Since the beginning of the COVID pandemic, given its severe negative effects on the job market, there has been an outstanding question of how Courts in Ontario will resolve employment termination cases in the context of the pandemic. Due to the time required from the day of termination until a matter is resolved in Court, that question is expected to remain open for a long period of time. However, we have recently began seeing decisions from Courts in Ontario for terminations during the pandemic which have started providing guidance.
Recently, the Superior Court of Ontario, in its decision for Yee v Hudson’s Bay Company, 2021 ONSC 387, addressed the issue of reasonable notice in the context of COVID.
Generally speaking, when an employee is terminated, when assessing the amount of reasonable notice that should have been given by the employer, Courts will consider various factors, one of them being the availability of similar or comparable employment and economic circumstances in the job market. In certain cases, where the Court determines that there is low or reduced availability of similar employment, it may extend the notice period to compensate for the fact that it may take longer for the terminated employee to obtain similar or comparable employment.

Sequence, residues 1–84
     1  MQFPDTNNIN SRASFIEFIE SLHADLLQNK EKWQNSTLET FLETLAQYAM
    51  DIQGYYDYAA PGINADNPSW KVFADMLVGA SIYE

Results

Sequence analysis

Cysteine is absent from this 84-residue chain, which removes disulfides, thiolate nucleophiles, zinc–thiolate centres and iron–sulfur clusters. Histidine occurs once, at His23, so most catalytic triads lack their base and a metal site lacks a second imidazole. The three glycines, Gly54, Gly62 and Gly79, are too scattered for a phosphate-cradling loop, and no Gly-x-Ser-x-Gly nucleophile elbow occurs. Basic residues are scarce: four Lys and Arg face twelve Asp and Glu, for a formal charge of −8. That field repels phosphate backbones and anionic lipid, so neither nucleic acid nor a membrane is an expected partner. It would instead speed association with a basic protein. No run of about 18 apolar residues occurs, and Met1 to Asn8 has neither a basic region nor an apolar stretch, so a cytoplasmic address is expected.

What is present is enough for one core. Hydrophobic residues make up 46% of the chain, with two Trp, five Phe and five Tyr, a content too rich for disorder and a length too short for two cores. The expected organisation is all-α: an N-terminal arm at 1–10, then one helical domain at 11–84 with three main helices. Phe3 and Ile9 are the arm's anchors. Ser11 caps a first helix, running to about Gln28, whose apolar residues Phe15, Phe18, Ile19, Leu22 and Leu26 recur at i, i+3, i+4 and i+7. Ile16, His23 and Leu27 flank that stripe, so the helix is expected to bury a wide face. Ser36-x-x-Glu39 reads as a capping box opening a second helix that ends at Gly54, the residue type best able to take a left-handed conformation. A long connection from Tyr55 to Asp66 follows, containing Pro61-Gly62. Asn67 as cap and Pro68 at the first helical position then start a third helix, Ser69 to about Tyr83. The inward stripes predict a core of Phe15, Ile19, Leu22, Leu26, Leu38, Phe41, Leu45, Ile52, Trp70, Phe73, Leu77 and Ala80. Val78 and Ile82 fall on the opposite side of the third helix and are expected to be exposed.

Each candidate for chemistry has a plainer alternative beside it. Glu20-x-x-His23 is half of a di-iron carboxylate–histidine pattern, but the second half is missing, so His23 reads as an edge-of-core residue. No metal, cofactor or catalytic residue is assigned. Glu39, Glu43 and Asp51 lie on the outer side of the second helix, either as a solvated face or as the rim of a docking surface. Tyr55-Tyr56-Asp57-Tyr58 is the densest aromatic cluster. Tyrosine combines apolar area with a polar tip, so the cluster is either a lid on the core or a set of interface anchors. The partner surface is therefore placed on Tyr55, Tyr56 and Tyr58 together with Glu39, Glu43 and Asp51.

It remains to be seen if the Courts will in fact extend notice periods, however, the Court in Yee determined that, where an employee was terminated prior to the start of the COVID pandemic, the impact of the pandemic on the availability of employment will not result in a longer notice period. The Court in Yee expressed that:
“It seems clear terminations which occurred before the COVID pandemic and its effect on employment opportunities should not attract the same consideration as termination after the beginning of the COVID pandemic and its negative effect on finding comparable employment.” (See Yee, para 22)
In reaching this conclusion, the Court considered that, with respect to reasonable notice, it must take into account the circumstances existing at the time of termination (See Yee, para 21). Consequently, it now seems that, even though a terminated employee may be affected by the effects of the pandemic on the job market, and he or she may take longer to find a job as a result, the Court will not extend the notice period where the employment was terminated prior to the beginning of the pandemic.